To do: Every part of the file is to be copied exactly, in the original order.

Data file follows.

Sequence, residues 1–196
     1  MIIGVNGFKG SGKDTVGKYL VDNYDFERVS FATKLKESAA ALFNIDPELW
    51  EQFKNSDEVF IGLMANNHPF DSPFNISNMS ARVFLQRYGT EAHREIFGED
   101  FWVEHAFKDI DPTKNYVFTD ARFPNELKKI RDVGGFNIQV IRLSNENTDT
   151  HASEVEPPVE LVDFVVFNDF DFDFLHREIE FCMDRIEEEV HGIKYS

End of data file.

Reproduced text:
Sequence, residues 1–196
     1  MIIGVNGFKG SGKDTVGKYL VDNYDFERVS FATKLKESAA ALFNIDPELW
    51  EQFKNSDEVF IGLMANNHPF DSPFNISNMS ARVFLQRYGT EAHREIFGED
   101  FWVEHAFKDI DPTKNYVFTD ARFPNELKKI RDVGGFNIQV IRLSNENTDT
   151  HASEVEPPVE LVDFVVFNDF DFDFLHREIE FCMDRIEEEV HGIKYS